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The relationship between magnesium and diabetes

Magnesium is a vital nutrient for the body’s health because it functions as a cofactor for over 300 enzymes and is involved in various processes, including synthesizing central nervous system neurotransmitters and producing and releasing cellular energy.

Magnesium also regulates major biological processes, such as muscle contraction, coagulation, heartbeat, and blood pressure. Some scientific research studies have emphasized the importance of magnesium in carbohydrate metabolism and the management of diabetic and pre-diabetic subjects.

The total body amount of magnesium (Mg2+) fluctuates between 20 and 28 g, with more than 99% contained in the intracellular space, primarily in bones (50–65%), where it, along with calcium and phosphorus, contributes to the formation of the skeleton, but also in muscles, soft tissues, and organs (34–39%), and less than 1–2% found in blood and extracellular fluids.

Green leafy vegetables, legumes, cereals, and bananas are foods high in magnesium.

A lack of this mineral causes an increase in muscle excitability, which causes cramps, headaches, physical and mental fatigue, irritability, and insomnia.

Magnesium absorption

Around 20–80% of dietary magnesium is absorbed in the small intestine, particularly in some parts of the duodenum and ileum, with only a small percentage absorbed in the large intestine. Absorption occurs via two different mechanisms. The passive mechanism depends on the concentration gradient established between the intestine and the blood circulation; this absorption type occurs by paracellular, via tight junctions between enterocytes.

The active mechanism, occurs via a transcellular pathway through specific transporters known as TRPM6/7 (transient receptor potential melastatin 6/7), which allow magnesium to flow from the apical to the basolateral side of the intestinal cell (enterocyte) and then into the bloodstream.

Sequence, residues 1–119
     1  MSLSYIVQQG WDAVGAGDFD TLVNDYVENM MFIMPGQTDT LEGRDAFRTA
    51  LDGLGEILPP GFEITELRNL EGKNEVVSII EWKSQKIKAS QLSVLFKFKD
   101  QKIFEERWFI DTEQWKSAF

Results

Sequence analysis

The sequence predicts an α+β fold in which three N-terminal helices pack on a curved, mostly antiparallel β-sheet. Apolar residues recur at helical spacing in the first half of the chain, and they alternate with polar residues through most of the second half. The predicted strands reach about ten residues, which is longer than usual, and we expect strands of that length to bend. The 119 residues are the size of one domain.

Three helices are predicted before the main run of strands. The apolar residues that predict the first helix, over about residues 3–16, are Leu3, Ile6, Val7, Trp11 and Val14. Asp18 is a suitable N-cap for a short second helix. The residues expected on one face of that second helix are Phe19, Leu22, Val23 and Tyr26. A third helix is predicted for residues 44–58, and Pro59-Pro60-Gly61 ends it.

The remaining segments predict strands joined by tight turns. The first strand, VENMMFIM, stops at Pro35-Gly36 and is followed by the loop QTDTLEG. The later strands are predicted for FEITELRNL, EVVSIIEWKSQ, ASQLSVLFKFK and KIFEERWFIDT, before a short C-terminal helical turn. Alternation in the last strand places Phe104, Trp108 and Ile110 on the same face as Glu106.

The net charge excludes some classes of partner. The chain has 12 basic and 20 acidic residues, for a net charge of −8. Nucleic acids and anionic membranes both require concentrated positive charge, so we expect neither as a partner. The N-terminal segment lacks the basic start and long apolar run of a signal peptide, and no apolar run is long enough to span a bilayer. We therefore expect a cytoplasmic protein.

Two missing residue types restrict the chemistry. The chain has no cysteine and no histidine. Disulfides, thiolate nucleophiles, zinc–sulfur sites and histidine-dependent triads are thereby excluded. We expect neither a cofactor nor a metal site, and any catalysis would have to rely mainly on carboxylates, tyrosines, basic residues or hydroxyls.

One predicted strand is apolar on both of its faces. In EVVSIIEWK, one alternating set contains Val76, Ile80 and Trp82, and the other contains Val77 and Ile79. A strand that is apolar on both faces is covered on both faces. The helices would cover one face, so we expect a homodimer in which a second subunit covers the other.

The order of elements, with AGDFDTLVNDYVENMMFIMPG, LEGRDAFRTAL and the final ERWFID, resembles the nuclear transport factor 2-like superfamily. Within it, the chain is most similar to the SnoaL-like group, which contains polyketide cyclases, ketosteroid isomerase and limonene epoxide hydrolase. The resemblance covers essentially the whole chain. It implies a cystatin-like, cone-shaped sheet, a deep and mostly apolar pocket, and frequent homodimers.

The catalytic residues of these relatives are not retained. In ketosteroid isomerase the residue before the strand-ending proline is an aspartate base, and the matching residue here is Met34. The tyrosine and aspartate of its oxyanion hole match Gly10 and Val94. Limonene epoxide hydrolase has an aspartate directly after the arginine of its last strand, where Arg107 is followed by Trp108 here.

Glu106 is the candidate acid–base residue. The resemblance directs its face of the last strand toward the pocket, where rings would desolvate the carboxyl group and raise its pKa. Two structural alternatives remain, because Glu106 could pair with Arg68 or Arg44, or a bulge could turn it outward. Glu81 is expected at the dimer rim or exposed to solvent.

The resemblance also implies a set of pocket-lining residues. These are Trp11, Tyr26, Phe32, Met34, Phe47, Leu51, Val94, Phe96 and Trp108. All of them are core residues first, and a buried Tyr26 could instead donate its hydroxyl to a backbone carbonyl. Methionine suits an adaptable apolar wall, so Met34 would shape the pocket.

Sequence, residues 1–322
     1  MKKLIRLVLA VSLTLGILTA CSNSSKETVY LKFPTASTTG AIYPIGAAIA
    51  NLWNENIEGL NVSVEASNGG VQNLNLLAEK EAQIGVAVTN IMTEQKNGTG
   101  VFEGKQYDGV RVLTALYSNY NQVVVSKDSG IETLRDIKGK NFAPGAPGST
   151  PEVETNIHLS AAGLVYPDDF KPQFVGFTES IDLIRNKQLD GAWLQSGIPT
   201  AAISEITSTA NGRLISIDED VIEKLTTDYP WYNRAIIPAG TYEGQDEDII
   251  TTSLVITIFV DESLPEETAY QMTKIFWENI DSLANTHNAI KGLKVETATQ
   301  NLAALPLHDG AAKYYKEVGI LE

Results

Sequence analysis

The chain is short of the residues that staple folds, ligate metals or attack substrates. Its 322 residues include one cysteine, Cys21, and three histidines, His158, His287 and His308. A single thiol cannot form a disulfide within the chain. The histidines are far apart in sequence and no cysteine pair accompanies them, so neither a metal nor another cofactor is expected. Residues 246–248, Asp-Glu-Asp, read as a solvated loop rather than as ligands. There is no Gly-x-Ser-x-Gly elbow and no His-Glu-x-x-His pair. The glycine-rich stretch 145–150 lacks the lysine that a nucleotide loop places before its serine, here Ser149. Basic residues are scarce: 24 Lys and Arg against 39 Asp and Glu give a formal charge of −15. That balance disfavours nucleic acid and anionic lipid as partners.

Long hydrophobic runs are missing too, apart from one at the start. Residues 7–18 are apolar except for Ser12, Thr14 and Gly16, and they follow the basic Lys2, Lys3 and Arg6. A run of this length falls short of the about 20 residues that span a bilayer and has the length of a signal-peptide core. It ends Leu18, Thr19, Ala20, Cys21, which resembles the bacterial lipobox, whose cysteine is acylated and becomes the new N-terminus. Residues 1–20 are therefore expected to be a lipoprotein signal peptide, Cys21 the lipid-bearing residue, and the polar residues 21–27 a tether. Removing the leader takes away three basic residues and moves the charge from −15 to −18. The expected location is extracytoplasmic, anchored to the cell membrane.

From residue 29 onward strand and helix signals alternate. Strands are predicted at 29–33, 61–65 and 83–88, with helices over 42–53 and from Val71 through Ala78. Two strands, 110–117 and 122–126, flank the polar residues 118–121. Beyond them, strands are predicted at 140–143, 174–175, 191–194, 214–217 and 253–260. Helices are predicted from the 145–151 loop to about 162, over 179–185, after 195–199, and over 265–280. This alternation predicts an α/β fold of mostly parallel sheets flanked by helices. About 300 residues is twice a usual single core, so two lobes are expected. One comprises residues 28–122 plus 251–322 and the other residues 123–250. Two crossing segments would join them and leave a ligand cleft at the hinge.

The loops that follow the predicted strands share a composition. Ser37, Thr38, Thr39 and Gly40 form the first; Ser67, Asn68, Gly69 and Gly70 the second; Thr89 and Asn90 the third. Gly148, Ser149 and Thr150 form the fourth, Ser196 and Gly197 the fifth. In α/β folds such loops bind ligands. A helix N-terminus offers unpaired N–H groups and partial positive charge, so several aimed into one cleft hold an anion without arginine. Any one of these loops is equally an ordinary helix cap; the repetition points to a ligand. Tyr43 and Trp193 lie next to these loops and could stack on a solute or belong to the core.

Only 30–40% of the total amount of magnesium incorporated into the diet is absorbed by the human body.

Magnesium and diabetes

Maintaining a stable magnesium concentration appears to be an essential requisite for carbohydrate metabolism. It is worth noting that some scientific research studies have found a strong correlation between magnesium deficiency in the blood (hypomagnesemia) and the presence of type 2 diabetes mellitus, a chronic disease characterized by high blood glucose levels (hyperglycemia) due to a distorted amount or function of the hormone insulin.

Plasma magnesium levels are determined primarily by four processes: magnesium intake, intestinal absorption, renal excretion, and mineral redistribution within the body. Aside from dietary deficiencies that can lead to a magnesium deficiency, there is scientific proof that the mechanisms of transit and gastrointestinal absorption of the mineral are severely compromised in people with type 2 diabetes mellitus.

Current evidence suggests that the state of hyperglycemia, which is distinctive of diabetic pathology, and the resulting osmotic diuresis, impacts the kidney’s capacity to reabsorb magnesium, which is otherwise removed with urine (hypermagnesuria).

A decrease in magnesium body levels has been linked to diabetes complications, such as retinopathy, hypertension, chronic kidney disease, and lower limb ulcers.

Magnesium levels in diabetics must be monitored continuously because, in addition to the issues, these patients frequently receive drug therapies such as diuretics and gastroprotectors (proton pump inhibitors), the negative impacts of which cause a decrease in magnesium in the body.

As a result, following a healthy and balanced diet can assist diabetics with hypomagnesemia in restoring the proper level of magnesium in the body. If the diet fails, they may be able to recover this deficiency by trying to take specific food supplements.


The vital difference is that not all supplements on the market have the same kind of magnesium. Magnesium can be found in a variety of salts.

  • Organic (like pidulate magnesium)
  • Inorganic (like magnesium oxide)
  • Chelates (like magnesium bisglycinate)

Among these, magnesium oxide (MgO) has the highest elemental magnesium content, though its absorption by the body is extremely limited.

To solve this issue, PharmaNutra S.p.A. developed UltraMag, a dietary supplement based on magnesium oxide that employs the Sucrosomial® technology, in which the mineral is transmitted by the Sucrosoma, a matrix composed of phospholipids and sucrose esters of fatty acids (sucresters).

This novel structure allows magnesium to be absorbed in larger quantities by the human body without interfering with its traditional absorption route.

When a healthy and balanced diet is considered inadequate, UltraMag® consumption may be a feasible solution for restoring the right amount of magnesium in the body.

The magnesium oxide dosage in UltraMag® is 375 mg, corresponding to 100% of the recommended daily allowance (RDA). Therefore, taking one sachet per day, dissolved in a glass of water, is recommended at any time of day.

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